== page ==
The water buffalo or domestic Asian water buffalo (Bubalus bubalis) is a large bovine animal, frequently used as livestock in the Indian Subcontinent, and also widely in South America, southern Europe, Northern Africa, and elsewhere.
In 2000, the United Nations Food and Agriculture Organization estimated there were approximately 158 million water buffalo in the world, with 97% of them (approximately 153 million animals) in Asia
Reference: Water Bufallo on Wikipedia.
Water buffalo have been domesticated for 5,000 years, and have become economically important animals. They provide more than 5% of the world’s milk supply and 20% to 30% of the farm power in Southeast Asia.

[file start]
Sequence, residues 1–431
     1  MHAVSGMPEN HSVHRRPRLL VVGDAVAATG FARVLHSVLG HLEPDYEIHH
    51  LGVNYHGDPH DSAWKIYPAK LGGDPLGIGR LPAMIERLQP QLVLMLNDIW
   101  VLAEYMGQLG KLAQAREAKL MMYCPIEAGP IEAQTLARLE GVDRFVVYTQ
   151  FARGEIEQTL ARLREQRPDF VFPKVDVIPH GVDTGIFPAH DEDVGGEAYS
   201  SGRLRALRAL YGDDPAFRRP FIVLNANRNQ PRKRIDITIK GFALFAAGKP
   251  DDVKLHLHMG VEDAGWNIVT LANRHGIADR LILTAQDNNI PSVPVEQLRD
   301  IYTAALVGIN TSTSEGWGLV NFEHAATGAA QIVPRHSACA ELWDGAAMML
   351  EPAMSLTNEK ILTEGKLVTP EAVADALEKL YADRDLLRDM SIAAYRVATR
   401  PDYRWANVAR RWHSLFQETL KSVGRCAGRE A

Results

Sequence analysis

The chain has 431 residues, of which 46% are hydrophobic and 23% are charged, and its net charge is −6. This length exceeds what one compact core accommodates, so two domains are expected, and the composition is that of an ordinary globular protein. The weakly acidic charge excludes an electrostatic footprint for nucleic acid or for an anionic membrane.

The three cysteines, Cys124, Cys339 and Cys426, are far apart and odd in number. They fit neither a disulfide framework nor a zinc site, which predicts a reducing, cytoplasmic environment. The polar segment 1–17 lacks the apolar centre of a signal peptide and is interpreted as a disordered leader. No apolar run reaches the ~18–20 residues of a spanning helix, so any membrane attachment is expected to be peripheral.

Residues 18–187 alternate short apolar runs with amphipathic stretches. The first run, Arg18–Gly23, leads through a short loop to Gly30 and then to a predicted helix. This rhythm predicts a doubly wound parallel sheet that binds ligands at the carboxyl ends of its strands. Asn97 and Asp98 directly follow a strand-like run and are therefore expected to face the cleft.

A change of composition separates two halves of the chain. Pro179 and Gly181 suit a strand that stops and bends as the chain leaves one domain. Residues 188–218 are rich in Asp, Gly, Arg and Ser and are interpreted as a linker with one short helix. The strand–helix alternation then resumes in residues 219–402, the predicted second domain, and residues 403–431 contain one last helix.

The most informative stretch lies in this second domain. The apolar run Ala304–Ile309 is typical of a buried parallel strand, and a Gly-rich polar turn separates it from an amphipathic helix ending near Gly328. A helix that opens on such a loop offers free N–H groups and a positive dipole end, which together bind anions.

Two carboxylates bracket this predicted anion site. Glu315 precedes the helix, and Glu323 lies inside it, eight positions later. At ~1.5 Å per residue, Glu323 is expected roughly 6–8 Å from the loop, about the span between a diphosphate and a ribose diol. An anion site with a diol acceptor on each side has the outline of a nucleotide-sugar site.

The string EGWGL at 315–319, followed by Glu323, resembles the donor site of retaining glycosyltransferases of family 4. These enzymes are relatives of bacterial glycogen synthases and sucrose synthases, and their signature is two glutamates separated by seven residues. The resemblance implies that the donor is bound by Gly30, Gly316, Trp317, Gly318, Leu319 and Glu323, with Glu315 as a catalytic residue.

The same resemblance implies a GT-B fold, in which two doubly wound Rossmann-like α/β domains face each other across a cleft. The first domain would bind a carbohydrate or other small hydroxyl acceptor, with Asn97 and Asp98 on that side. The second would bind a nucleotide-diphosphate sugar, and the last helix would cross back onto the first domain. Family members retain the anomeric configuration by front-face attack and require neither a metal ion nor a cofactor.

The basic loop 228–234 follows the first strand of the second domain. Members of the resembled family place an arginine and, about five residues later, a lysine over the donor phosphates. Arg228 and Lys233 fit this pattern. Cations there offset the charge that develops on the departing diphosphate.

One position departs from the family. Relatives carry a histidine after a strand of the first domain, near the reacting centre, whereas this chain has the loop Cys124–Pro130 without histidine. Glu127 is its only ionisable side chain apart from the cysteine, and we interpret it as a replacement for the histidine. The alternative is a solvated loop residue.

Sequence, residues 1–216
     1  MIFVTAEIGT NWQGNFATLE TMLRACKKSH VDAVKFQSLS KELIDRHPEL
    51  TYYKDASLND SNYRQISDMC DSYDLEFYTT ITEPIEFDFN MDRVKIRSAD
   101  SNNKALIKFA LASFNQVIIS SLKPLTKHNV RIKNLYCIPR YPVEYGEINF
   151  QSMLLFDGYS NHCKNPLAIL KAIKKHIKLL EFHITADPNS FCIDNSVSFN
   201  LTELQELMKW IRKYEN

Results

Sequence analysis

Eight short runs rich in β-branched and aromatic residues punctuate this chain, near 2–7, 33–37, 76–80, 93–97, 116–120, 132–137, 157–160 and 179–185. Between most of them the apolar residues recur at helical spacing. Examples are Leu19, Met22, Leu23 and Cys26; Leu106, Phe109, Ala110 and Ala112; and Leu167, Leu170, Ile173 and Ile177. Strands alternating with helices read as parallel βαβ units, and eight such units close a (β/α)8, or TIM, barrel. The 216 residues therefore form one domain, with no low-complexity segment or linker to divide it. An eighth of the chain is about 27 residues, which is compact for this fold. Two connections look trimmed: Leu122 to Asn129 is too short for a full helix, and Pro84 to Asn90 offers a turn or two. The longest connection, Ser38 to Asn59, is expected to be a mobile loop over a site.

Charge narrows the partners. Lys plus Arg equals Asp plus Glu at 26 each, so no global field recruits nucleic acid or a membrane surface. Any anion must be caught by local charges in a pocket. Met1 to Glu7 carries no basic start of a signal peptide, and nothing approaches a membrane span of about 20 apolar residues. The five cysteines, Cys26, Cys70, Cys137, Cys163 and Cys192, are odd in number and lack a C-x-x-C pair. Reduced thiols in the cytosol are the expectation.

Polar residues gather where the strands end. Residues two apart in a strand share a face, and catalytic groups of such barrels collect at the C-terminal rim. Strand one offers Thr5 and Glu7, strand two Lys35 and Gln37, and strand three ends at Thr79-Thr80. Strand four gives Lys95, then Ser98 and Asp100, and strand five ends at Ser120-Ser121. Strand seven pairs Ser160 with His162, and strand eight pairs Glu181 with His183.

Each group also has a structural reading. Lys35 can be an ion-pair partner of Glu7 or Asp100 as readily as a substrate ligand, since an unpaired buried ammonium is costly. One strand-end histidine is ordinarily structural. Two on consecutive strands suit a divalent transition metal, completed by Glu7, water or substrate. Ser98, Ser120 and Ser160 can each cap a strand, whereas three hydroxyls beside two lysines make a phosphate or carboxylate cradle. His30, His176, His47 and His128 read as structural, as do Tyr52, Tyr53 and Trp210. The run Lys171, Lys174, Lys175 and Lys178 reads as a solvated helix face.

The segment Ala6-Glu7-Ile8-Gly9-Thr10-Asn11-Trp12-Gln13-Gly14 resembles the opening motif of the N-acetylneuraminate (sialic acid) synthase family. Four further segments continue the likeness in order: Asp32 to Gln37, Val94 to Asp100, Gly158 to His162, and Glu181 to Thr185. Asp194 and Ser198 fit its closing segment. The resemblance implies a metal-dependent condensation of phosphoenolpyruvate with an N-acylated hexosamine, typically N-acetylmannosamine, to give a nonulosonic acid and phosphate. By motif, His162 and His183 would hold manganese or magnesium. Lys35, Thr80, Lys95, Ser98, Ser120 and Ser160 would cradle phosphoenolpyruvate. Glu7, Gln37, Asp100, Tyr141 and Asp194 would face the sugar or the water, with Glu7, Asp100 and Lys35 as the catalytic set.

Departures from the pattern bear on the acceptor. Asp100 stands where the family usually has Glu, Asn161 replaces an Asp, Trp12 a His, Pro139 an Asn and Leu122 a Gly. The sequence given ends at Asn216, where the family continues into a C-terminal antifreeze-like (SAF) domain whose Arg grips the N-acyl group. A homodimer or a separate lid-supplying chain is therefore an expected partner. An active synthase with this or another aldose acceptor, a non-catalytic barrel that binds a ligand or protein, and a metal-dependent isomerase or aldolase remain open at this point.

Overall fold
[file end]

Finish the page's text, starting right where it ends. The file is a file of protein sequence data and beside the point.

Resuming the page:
The water buffalo has promise as a major source of meat, even the milking ones. The water buffalo also is the classic work animal in Asia, an integral part of that continent’s traditional village farming structure. The domesticated water buffalo is often referred to as “the living tractor of the East”, as it is relied upon for ploughing and transportation in many parts of Asia - Wikipedia.
These are some of those found in Sabah, Borneo (Malaysia):
"Hello, mad at me for taking your pic?" - buffaloes mud-bathing on an abandoned paddy field. Sometimes they become a nuisance in the neighbourhood when they enter your compound in the middle of the night and 'slam dunk' their dunk at pleasure right infront of your gate.
"Alone with the buffalo?" - The Egretta Alba or great egret (the official mascot of Kota Kinabalu city) enjoying the company of the resting pack.
Ah, everyone seem to have a birdie-friend here.